Mende/Vai Bundu Helmet Mask
The Sowei mask is one of the most important and recognizable symbols in the ceremonies of the Mende people. There are two separate societies within the Mende: the Poro (the men’s society) and the Sande (the women’s society).
Origin: Sierra Leone
Approx Age: 19th century
Dimensions cm: 42 x 24
Ref. Number: 1884
A very old Mende/Vai helmet mask from the Sande society, black pigment and metal adornments to the forehead and sides of the mask, some have deteriorated over the years, this is in fantastic used condition for a 19th-century helmet mask, elaborate coiffure, circular motif either side of the head along with carved decoration.
This is the oldest Bundu mask I have come across so far, by far.
Provenance: Ex-Christophe Rolley, Paris
The Sowei mask is one of the most important and recognizable symbols in the ceremonies of the Mende people. The Mende are one of the largest groups in Sierra Leone. There are two separate societies within the Mende: the Poro (the men’s society) and the Sande (the women’s society). Both of these societies prepare and train young Mende people to be initiated into adulthood, but the Sande specifically teaches girls the necessary skills to prepare them for becoming mothers and fulfilling the expectations of women within society. One of the most important events in the society is the girls’ coming-of-age ceremony, which takes place when the girls have completed their training and have successfully entered womanhood. This means that the girls are eligible for marriage and motherhood. According to Boone, this ceremony signifies the liminal change in which the Mende girls “give up their old life and begin a new one.”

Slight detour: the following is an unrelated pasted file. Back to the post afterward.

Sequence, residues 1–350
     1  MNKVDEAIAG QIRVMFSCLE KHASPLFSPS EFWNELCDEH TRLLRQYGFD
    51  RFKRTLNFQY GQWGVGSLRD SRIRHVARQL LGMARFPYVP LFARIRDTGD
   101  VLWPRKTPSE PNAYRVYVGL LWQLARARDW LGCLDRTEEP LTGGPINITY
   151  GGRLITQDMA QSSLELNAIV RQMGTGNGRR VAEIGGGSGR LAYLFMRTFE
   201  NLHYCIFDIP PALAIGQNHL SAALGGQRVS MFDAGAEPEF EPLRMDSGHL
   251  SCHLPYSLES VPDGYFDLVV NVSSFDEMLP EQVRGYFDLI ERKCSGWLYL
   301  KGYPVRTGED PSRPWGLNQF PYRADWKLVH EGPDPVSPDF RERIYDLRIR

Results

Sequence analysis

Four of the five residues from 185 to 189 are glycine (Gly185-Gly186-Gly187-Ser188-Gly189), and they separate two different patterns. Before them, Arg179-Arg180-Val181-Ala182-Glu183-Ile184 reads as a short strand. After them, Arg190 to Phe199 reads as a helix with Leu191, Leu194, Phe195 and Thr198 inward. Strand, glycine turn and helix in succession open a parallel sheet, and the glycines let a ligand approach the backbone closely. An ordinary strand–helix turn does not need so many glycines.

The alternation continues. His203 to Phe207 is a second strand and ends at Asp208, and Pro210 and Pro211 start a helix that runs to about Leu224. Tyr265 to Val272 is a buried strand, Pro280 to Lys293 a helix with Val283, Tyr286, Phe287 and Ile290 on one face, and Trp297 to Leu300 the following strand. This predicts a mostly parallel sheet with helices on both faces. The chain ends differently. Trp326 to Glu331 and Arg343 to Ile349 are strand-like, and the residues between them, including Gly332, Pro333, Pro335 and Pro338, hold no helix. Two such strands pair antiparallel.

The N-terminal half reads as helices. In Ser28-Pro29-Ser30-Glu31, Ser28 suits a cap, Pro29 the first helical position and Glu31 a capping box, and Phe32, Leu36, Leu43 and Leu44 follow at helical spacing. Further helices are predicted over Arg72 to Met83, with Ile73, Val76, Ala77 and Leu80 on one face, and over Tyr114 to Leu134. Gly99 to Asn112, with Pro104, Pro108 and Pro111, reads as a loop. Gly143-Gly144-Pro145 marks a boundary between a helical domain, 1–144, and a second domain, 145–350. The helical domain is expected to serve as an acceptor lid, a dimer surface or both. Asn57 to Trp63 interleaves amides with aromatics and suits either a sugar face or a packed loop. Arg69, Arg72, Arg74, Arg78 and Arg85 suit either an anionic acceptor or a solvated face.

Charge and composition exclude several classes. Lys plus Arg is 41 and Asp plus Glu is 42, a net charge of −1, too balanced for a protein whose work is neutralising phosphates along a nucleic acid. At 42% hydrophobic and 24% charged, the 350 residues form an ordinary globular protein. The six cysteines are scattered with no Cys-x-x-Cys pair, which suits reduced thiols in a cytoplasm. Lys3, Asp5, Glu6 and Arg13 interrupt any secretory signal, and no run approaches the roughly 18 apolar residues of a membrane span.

One of the most prominent aspects of the ceremony is traditional song and dance. While dancing in the event, officials of the Sande wear sowei masks, which represent the spirit of the society. The sowei mask is a “helmet mask” that is worn over the head and the rest of the dancer’s body is hidden by blackened raffia fibres and cloth. Since the mask serves as the visual connection to the spiritual world, the officials’ faces and bodies are not visible and thus conceal any human attributes. This way, the leaders can fully embody the characteristics of the spirit. The spirit of Sowei represents the ideals and authority of the society and is understood as the Sande society’s teacher, healer, and judge (Boone 36). Senior officials of the Sande also adopt specific roles when wearing these costumes; some frighten the audience while others serve as comic relief in the ceremony.
Photo credit: africaafrica.uima.uiowa.eduuima.uiowa.edu
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